Buster Posey: Signed through 2021
Ryan Braun: Signed through 2019
Joey Votto: Signed through 2023
Justin Verlander: Signed through 2019
Felix Hernandez: Signed through 2019
Joe Mauer: Signed through 2018
Dustin Pedroia: Signed through 2021

That’s six MVPs and two Cy Young winners (Verlander won both awards) locked up through their primes and beyond. Another, Clayton Kershaw, is almost certain to get a long-term extension from his team before he hits free agency, and we haven’t even looked at Evan Longoria and Troy Tulowitzki and Andrew McCutchen (who may well win an MVP this year) and a half-dozen other young stars on very long-term contracts.

If Greg Maddux, Alex Rodriguez and Barry Bonds came up today, it’s certain that they’d either sign long-term extensions with their original teams or get traded to teams that could afford to extend them. There’s no way to get a player of that caliber on the open market now.

Free agency isn’t dead, of course. In the American League in particular, a half-dozen free agent acquisitions (Shane Victorino, Adrian Beltre, Hisashi Iwakuma, Hiroki Kuroda, Bartolo Colon and David Ortiz) are playing at All-Star levels. In the NL, the Pirates and Nationals are benefiting greatly from the Russell Martin and Jayson Werth signings, to say nothing of the dozens of former free agents who are now useful role players and regulars.
Still, there’s no longer an easy way to get a superstar. That may not have killed 100-win teams, but they’re back to being a rare breed, and I don’t see that changing anytime soon.

On New Stats

I love baseball, and I love math.* It’s only natural, then, that I love baseball statistics. One of the amazing things about baseball is the way it lends itself to analysis; it’s a series of discrete events, most of which are one-on-one battles between a pitcher and a batter, and those battles are much easier to break down than the team-on-team clashes involved in, say, basketball or football.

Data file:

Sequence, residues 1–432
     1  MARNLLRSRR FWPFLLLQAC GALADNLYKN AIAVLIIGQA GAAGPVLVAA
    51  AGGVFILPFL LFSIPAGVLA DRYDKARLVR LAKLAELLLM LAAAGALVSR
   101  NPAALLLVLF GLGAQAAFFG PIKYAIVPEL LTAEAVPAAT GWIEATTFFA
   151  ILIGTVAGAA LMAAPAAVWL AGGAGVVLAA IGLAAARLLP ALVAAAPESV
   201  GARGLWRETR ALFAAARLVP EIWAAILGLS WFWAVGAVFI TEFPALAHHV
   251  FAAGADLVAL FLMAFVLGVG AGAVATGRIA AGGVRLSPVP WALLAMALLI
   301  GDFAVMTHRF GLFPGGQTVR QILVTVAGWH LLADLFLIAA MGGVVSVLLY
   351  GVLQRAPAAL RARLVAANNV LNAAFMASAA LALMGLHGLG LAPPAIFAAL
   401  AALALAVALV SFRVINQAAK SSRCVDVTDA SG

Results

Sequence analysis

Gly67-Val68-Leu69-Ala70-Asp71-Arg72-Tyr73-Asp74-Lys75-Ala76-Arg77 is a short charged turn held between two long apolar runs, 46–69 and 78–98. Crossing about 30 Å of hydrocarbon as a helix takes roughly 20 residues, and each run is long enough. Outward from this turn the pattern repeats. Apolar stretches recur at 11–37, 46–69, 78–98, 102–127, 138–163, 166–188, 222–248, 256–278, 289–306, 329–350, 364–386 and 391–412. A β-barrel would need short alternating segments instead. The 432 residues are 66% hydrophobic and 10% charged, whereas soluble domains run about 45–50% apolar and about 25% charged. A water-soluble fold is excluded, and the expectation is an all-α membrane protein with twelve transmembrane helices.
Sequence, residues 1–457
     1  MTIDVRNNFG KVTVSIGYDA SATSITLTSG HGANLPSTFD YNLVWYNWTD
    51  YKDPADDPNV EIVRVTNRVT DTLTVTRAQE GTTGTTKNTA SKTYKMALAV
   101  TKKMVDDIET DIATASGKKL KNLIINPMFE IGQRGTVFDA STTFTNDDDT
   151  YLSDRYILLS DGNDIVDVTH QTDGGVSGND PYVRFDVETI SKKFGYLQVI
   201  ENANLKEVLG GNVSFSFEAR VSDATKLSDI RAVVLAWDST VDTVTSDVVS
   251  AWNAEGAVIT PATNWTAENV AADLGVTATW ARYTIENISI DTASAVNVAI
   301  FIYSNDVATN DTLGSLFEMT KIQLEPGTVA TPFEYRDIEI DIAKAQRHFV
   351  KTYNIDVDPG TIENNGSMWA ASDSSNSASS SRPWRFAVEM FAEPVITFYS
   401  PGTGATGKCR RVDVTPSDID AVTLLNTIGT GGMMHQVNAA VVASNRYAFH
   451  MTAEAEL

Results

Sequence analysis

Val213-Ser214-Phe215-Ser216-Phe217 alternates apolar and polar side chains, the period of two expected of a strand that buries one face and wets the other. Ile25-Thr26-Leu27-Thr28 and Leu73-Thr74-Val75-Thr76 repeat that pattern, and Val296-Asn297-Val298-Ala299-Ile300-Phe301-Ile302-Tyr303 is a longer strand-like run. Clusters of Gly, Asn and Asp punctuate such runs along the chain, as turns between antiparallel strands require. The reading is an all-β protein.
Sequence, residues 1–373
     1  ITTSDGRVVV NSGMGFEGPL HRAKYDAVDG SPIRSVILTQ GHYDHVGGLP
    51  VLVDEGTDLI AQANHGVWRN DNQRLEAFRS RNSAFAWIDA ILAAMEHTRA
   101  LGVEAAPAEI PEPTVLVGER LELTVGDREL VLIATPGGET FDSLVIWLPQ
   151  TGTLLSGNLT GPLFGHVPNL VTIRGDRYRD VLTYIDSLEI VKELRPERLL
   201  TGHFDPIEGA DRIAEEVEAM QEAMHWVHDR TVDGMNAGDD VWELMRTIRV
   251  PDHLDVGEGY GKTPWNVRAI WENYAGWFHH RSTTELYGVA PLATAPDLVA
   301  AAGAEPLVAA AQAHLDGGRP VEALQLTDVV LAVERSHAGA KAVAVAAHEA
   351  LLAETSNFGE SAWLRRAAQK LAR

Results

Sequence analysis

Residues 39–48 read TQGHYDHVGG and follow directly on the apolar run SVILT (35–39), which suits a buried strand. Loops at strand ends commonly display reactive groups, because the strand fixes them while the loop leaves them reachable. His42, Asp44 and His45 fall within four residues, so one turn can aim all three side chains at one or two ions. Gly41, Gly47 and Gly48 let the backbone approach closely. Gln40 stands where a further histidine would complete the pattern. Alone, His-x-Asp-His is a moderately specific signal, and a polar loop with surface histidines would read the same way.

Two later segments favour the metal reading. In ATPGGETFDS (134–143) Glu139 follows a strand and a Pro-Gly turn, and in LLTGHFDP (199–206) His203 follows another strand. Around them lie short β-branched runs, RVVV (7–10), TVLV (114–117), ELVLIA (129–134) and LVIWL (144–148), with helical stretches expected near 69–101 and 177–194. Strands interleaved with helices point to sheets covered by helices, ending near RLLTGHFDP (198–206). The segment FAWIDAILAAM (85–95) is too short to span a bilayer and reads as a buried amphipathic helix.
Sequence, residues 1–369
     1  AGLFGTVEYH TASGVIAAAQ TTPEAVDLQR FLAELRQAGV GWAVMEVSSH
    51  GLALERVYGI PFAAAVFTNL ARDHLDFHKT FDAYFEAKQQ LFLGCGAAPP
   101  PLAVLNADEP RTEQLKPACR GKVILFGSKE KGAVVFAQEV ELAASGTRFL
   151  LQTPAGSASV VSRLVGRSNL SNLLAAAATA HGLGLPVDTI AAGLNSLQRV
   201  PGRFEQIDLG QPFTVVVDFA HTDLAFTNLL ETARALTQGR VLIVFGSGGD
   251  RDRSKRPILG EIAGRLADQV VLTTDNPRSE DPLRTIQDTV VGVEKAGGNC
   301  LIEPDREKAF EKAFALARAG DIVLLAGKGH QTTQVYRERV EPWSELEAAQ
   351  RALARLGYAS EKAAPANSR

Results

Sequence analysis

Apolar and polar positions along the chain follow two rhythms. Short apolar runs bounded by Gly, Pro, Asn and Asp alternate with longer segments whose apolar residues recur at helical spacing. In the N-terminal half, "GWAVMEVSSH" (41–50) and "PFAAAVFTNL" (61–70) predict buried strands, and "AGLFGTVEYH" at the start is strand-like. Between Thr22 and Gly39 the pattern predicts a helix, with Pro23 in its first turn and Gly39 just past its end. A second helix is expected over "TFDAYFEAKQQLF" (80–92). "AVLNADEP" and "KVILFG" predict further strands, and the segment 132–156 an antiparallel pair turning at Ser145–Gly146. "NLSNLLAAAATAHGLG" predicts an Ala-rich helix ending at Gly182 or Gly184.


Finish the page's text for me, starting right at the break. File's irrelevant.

*Generally. I make exceptions for complex analysis and differential equations, both of which were banes of my existence.

A few weeks ago, I wrote about my views on some traditional statistics, and I touched several times on the philosophies behind those stats. Most critics of newer stats, as far as I’ve seen, argue that things like WAR and FIP are not rooted in the realities of playing and observing baseball in the same way traditional stats like ERA and BA are. However, if you take a closer look at some of those newfangled stats, you’d find a lot in common with the ways that players, coaches and fans have been talking about the game for generations.

Let’s take that closer look.

Quality Starts (QS): I tend to call less familiar statistics new rather than advancedbecause some of them aren’t terribly advanced. Quality starts aren’t advanced at all. In fact, they’re significantly simpler than the stat they’re designed to replace: pitcher wins.

A starting pitcher is awarded a Quality Start if he pitches six or more innings and gives up three or fewer earned runs.

That’s it. Start the game, pitch six innings, allow no more than three runs and you have a quality start. Anyone with a basic understanding of baseball can get that in about 30 seconds.

When people inside the game talk about great pitchers, they won’t often talk about winning a lot of games; after all, a pitcher may pitch well and lose or pitch poorly and win. Rather, they’ll say that a great pitcher always stays in the game and gives his team a (good) chance to win.

If a pitcher gives his team a quality start, his team has a good chance to win.

The most common criticism I’ve heard of quality starts goes like so: If a pitcher pitches exactly 6 innings and gives up exactly 3 earned runs, his ERA for the game is 4.5. Granted, that’s not especially good, but:
  • That’s the bare minimum for a quality start. The average across all quality starts is less than half that.
  • A 4.5 ERA isn’t good, but it’s not terrible either. The league ERA for all starting pitchers is about 4.2, so we’re talking about a difference of three tenths of a run per nine innings.
  • Put another way, a hypothetical pitcher who pitched exactly six innings and gave up exactly three earned runs every time out would end up with 192 innings pitched (in 32 starts) and a 4.50 ERA. Most teams would take that from a fourth or fifth starter.
  • In fact, our Mr. (Just Barely) Quality Start would have outperformed at least one starter on eight of the last 10 World Series champions.